Parents Take Early Literacy Advice from Doctors to Heart, New Study Finds
A small intervention to increase early literacy had a big impact on families that received pediatric care at a clinic in San Francisco.
That was the major finding of a study that examined the Talking is Teaching: Talk, Read, Sing program, which is an early literacy intervention led by Too Small to Fail, an initiative of the Clinton Foundation.
Researchers with the Philip R. Lee Institute for Health Policy Studies at the University of California, San Francisco, conducted the study, which was released this month. It looked at the program between August 2016 and May 2017.
Too Small to Fail partnered with doctors and nurse practitioners at Zuckerberg San Francisco General Hospital's Children's Health Center, an outpatient pediatric clinic, to provide information and materials encouraging parents of children from birth to age 3 to talk, read, and sing to their children.
The healthcare providers helped the parents to see how interacting with their children supported the child's brain development.
Dr. Neeti Doshi works as a pediatrician at the clinic and took part in the program.
"Supporting early-childhood development is kind of at the crux of pediatrics," said Doshi. "It's what brought me into pediatrics. Pediatricians appreciate and understand the importance of early literacy as a component of promoting development and ensuring overall child well-being."
Increase in Positive Parent-Child Interactions
Researchers interviewed 370 parents immediately before and after the Talking is Teaching intervention and then again eight to 12 weeks later. They also conducted four focus groups with 26 of the parents.
After talking with their health care provider and receiving a toolkit, 80 percent of parents reported talking, reading and singing more to their children.
"To us, this signals a huge potential for growth and reinforces the importance of this simple intervention," said Patti Miller, the CEO of Too Small to Fail.
Within four months, 84 percent of parents reported seeing a change in their child's behavior.
"If they are seeing a difference in their baby, it means that they are interacting more with their child, and that carries so much weight—especially for a young baby's brain and especially for many of our families who are living in a lot of psychosocial stress," said Doshi, who noted that San Francisco General only sees patients who are uninsured or on MediCal, California's Medicaid program.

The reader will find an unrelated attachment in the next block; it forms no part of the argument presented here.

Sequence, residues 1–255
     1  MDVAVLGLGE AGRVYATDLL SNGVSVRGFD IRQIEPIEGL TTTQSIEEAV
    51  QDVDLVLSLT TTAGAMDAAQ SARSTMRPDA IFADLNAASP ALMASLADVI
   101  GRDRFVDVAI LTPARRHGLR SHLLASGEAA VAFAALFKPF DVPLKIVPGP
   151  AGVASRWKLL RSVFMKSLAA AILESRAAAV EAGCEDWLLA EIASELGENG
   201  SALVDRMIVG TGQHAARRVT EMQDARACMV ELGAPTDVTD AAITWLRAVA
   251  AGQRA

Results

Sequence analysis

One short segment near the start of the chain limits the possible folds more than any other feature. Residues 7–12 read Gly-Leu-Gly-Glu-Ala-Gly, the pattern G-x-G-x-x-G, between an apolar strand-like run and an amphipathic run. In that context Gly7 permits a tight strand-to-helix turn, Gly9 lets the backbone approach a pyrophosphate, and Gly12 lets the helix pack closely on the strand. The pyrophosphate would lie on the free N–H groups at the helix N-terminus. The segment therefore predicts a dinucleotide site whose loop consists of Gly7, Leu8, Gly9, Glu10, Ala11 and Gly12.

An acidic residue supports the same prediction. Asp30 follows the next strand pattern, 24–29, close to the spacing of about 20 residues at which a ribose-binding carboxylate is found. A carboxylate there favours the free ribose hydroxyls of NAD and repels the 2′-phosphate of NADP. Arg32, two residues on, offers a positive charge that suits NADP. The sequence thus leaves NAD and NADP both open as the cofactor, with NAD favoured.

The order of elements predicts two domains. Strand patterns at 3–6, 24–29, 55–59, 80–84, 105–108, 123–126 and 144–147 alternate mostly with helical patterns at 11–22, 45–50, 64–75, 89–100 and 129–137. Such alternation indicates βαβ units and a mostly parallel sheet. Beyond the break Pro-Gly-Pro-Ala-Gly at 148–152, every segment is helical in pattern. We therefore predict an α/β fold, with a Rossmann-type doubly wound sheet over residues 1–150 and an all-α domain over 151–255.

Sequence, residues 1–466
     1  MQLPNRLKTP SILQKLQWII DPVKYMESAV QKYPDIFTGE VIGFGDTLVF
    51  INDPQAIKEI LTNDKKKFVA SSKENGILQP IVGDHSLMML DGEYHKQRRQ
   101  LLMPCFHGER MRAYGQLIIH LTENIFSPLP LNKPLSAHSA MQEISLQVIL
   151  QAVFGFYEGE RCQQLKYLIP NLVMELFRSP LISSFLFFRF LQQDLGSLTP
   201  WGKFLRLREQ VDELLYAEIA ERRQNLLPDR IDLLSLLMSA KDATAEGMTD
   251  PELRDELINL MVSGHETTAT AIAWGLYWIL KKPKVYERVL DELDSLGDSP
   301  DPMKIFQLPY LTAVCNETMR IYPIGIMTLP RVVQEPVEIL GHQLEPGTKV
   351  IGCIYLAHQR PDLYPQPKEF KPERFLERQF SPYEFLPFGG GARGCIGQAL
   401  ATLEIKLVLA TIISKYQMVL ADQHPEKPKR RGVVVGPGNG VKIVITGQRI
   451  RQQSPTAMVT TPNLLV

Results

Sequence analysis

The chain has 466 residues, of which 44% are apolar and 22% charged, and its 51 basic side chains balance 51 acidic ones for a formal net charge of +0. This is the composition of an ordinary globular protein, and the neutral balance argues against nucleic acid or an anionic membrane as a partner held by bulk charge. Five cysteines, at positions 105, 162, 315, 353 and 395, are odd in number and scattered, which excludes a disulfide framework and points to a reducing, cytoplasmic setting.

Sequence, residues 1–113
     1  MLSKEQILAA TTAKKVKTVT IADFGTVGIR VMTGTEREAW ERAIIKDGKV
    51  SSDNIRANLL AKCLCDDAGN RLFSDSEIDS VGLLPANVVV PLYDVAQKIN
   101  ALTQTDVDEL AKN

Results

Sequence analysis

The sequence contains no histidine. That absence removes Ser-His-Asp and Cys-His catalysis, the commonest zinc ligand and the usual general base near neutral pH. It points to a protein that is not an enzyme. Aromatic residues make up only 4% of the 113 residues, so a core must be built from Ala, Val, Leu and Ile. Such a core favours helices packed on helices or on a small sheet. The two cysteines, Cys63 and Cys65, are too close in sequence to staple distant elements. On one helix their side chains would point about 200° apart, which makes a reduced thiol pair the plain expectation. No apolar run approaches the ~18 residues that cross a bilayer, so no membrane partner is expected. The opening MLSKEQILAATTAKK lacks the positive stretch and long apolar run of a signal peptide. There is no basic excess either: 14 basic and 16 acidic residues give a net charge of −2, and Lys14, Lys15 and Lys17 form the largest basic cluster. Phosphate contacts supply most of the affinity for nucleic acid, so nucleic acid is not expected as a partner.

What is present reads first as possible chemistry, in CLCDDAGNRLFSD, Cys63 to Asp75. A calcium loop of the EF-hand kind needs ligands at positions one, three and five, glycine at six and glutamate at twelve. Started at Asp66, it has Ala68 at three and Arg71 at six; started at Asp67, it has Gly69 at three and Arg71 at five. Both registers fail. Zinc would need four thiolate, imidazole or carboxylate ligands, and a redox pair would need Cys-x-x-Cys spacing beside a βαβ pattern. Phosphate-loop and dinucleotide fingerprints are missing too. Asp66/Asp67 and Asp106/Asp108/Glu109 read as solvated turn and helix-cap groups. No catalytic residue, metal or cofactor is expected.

The researchers found that many of the parents in the study were already talking (87 percent) and singing often to their children (81 percent) prior to the intervention. But the number of parents who reported reading to their children regularly was much lower, at 47 percent.
Keys for Spanish-Speaking Parents
Nearly 70 percent of the parents who took part in the study spoke Spanish. Parents could choose to receive materials in either English or Spanish.
The study revealed some statistically significant differences between Spanish-speaking parents and English-speaking parents. Spanish-speaking parents were less likely to read to their children regularly than English-speaking parents (41 percent versus 59 percent). They were also more likely to report that they learned something new from their doctors (59 percent) compared to English-speaking parents (28 percent).
Zuckerberg San Francisco General Hospital recently announced that it planned to expand the program to every family that gives birth at the hospital. Starting this month, each newborn discharged from the hospital will receive materials, including books and tip sheets that encourage parents to engage in quality interactions from birth.
Image by Getty
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